Mercury’s Transit In Front of the Sun Was Visible From Hawaii On Monday

The transit of Mercury has been observed by astronomers all around the world on November 11. A team of scientists from the University of Hawaii also joined the observers following Mercury passing in front of the sun, while the Institute for Astronomy held a gathering at Wai’alae Beach Park for people that wanted to watch the event.

Approximately 20 UH Mānoa students flew to Hawaiʻi Island to observe the event with their own eyes at the Subaru Telescope. There, a group of 200 people gathered to use solar telescopes.

Mercury and Venus are the only two planets that can be viewed from Earth in their transit.
Mercury’s journey around the sun takes 88 days. The planet passes between our planet and the sun frequently, but the transit usually happens out of our view. This time, it was visible, and many people were excited to view it, as it is a rare celestial event. The “Mercury Transit” began at around 2:30 am and, for about 5 hours, Mercury passed between the sun and Earth.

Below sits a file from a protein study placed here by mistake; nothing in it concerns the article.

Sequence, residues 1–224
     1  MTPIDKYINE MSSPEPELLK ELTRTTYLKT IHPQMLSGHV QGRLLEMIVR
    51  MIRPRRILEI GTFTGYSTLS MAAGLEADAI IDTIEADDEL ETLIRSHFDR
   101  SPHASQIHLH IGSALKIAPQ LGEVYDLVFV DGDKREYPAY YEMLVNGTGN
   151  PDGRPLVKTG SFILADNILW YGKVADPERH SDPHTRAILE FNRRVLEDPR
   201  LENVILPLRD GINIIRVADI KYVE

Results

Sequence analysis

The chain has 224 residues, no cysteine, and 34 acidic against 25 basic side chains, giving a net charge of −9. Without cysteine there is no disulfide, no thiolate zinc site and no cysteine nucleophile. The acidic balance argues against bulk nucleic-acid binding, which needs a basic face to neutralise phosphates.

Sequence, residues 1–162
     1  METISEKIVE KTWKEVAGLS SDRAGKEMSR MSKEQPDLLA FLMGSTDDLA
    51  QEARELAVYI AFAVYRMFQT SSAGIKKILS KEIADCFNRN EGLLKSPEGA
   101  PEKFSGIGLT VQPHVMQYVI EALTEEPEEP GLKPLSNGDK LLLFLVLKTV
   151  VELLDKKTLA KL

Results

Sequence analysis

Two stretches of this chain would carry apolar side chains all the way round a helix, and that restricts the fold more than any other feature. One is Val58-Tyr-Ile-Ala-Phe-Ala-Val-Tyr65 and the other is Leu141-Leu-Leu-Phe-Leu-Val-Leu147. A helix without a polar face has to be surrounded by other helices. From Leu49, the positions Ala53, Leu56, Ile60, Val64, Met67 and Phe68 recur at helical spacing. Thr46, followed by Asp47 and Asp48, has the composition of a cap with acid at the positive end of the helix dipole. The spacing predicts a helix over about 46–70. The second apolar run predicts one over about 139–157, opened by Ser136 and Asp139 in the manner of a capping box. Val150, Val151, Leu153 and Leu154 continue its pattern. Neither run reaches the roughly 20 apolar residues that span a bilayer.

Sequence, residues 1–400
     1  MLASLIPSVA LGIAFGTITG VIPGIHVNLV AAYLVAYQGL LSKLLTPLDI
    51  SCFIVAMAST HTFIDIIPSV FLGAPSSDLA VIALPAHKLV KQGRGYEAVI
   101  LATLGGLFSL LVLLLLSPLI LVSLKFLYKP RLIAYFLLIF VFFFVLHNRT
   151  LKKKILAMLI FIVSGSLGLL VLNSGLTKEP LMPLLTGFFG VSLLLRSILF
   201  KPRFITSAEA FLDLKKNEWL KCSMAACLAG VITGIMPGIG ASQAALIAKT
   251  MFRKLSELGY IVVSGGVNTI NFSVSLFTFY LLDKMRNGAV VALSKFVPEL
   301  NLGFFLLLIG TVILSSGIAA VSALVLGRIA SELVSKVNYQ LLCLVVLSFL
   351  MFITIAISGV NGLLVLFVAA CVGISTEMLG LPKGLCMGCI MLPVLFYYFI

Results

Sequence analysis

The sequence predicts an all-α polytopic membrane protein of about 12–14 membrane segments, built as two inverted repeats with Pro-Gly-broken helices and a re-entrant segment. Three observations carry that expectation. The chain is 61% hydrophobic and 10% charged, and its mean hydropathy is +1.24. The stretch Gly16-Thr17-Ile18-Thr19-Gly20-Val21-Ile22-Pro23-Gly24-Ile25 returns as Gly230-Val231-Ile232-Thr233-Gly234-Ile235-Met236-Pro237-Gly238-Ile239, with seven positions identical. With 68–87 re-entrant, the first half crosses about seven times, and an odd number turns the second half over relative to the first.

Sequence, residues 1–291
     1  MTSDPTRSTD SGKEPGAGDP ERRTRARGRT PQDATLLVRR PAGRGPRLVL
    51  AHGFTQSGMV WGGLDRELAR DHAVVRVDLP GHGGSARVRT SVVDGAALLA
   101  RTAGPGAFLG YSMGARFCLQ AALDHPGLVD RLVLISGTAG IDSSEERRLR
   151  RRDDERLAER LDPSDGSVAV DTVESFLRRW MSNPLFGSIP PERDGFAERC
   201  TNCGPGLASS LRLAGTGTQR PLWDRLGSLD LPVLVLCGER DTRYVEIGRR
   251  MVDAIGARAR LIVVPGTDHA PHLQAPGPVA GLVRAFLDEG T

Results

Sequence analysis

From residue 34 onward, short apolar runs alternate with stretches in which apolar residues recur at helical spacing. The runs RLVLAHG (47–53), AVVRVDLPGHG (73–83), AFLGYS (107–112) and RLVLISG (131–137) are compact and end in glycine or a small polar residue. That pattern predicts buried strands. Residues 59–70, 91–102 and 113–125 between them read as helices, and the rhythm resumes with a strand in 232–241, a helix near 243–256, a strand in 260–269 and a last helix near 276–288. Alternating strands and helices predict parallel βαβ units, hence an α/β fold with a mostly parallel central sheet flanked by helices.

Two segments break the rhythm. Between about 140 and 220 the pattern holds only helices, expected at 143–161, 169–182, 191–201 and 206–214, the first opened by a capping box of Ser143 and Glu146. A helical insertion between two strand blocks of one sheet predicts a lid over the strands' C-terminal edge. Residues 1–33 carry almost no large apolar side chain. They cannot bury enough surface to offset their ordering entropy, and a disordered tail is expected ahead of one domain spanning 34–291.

In the photos, the tiny dot towards the bottom of the sun represents Mercury.
According to NASA, the event only happens 13 times in a hundred years. The next visible transit of Mercury seen from Earth will happen in November 2032, while the next one visible from Hawaii will not happen until 2049.

Olivier Guyon, an astronomer at the Subaru Telescope, said: “It doesn’t move exactly in the same plane. That’s why transits don’t happen often. Most of the time when its roughly aligned with us, it’s above or below the sun. We are very fortunate today that it’s perfect, so Mercury is passing straight in front of the sun.”

The next Venus transit visible from Earth is even farther away, as it will happen in 2117.